T: Let me start by saying, that thanks to the inartistic and overly-commercialized output of post-1970’s Hollywood, movies have never been my thing; now, film on the other hand - well you get my drift. To understand my point of view, compare the artistry of Carl Theodor Dreyer’s 1928 French silent film La Passion de Jeanne d'Arc to any garbage Hollywood summer blockbuster.

I have taken the position many times that identifying a favorite film is as futile an exercise as naming my favorite album. For me, art of every kind is not subject to treatment or categorization in absolute terms. 

As far as pretending about a favorite anything just to sound cultured? I’ve never felt the need to impress anyone so much that I would stoop so low as to falsely identify with some piece of so-called art that has been objectified by the masses.  

B: I never have favorites of anything. That’s kinda my “thing”. It’s also my “thing” to fall asleep during movies.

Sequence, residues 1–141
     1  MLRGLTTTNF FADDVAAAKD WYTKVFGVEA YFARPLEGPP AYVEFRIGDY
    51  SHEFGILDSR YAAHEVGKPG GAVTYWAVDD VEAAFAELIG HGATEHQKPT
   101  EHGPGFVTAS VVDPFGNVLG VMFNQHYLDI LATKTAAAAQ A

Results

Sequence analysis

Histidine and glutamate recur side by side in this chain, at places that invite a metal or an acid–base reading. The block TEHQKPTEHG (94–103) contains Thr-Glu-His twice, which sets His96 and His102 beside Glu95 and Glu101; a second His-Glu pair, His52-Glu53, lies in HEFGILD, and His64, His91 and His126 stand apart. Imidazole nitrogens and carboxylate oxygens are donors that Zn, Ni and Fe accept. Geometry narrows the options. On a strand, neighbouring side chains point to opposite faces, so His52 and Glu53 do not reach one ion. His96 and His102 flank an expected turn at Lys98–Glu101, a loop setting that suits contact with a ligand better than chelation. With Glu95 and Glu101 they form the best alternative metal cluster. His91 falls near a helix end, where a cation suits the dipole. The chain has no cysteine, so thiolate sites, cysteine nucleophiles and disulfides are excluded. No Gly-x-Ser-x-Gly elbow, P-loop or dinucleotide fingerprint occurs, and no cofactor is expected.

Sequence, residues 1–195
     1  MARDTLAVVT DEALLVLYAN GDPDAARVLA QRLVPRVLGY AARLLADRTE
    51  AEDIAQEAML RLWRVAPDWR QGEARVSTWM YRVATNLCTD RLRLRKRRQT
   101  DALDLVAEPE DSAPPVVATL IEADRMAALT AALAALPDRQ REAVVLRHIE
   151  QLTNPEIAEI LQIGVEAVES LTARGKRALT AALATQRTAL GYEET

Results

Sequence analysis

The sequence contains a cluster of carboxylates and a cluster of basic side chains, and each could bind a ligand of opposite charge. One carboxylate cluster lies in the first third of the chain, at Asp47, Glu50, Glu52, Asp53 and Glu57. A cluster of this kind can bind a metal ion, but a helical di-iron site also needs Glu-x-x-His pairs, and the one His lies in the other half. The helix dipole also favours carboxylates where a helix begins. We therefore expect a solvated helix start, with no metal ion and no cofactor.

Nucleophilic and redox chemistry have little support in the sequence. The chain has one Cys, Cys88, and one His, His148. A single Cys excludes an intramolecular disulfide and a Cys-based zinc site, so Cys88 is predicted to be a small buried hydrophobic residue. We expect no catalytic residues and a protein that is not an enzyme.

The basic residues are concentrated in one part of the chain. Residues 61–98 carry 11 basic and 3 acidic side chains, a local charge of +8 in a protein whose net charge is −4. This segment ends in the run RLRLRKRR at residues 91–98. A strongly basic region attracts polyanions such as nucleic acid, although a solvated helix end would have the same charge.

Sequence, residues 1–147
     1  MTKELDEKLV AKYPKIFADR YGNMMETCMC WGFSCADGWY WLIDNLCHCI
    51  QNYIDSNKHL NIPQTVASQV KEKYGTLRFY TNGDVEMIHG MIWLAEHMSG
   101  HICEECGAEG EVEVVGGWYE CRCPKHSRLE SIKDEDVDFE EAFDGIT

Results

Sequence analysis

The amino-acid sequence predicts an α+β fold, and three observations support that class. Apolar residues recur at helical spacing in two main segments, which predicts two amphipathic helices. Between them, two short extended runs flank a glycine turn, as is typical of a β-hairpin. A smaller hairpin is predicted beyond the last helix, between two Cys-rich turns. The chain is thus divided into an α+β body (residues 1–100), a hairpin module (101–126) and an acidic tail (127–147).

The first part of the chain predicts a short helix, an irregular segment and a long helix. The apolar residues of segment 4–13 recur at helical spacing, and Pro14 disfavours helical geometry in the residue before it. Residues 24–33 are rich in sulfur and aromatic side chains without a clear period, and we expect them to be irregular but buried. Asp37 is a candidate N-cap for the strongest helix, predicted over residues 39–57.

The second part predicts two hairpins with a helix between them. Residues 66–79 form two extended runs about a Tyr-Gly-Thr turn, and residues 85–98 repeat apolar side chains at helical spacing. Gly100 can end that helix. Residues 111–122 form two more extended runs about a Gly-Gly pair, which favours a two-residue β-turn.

D: Favorite movie? Kiki’s Delivery Service. It is the oddest feeling of nostalgia every time I watch it, especially during the opening scene when Kiki is laying in the field listening to her radio. That movie was the first hint of magick and witches in my life. Favorite movie series? Star Wars. Duh. A girl doesn’t have a lightsaber tattoo for nothing. And I would say, depending on the crowd, my favorite “cultured” movies to reference are Pulp Fiction and Blade Runner, because a little bit of cult classics never hurt anybody.

What food do you love that a lot of people might find a little odd?

T: I’m not sure where this falls on the culinary oddness spectrum, but I’m thinking raw quail eggs over ikura.

B: It might not be as odd as much as it is controversial- cilantro. I each a bunch of it every morning!

D: Dill pickle chips. Does that count as a food? I don’t care.

What songs would be played on a loop in hell?

T: Since hell may be calling me someday, I’m going to go with a suite of songs that bring me never-ending and overwhelming joy - Close to the Edge by Yes; Lark’s Tongues in Aspic, Part One by King Crimson; King Kong Suite by the Mothers of Invention; and Out to Lunch by Eric Dolphy. 

B: The Yellow Submarine by the Beatles.

D: Katy Perry’s Firework, Baby by Justin Bieber, Call Me Maybe by Carly Rae Jepsen, and Rebecca Black’s Friday. I shutter even picturing it.

What book had the most significant impact on you?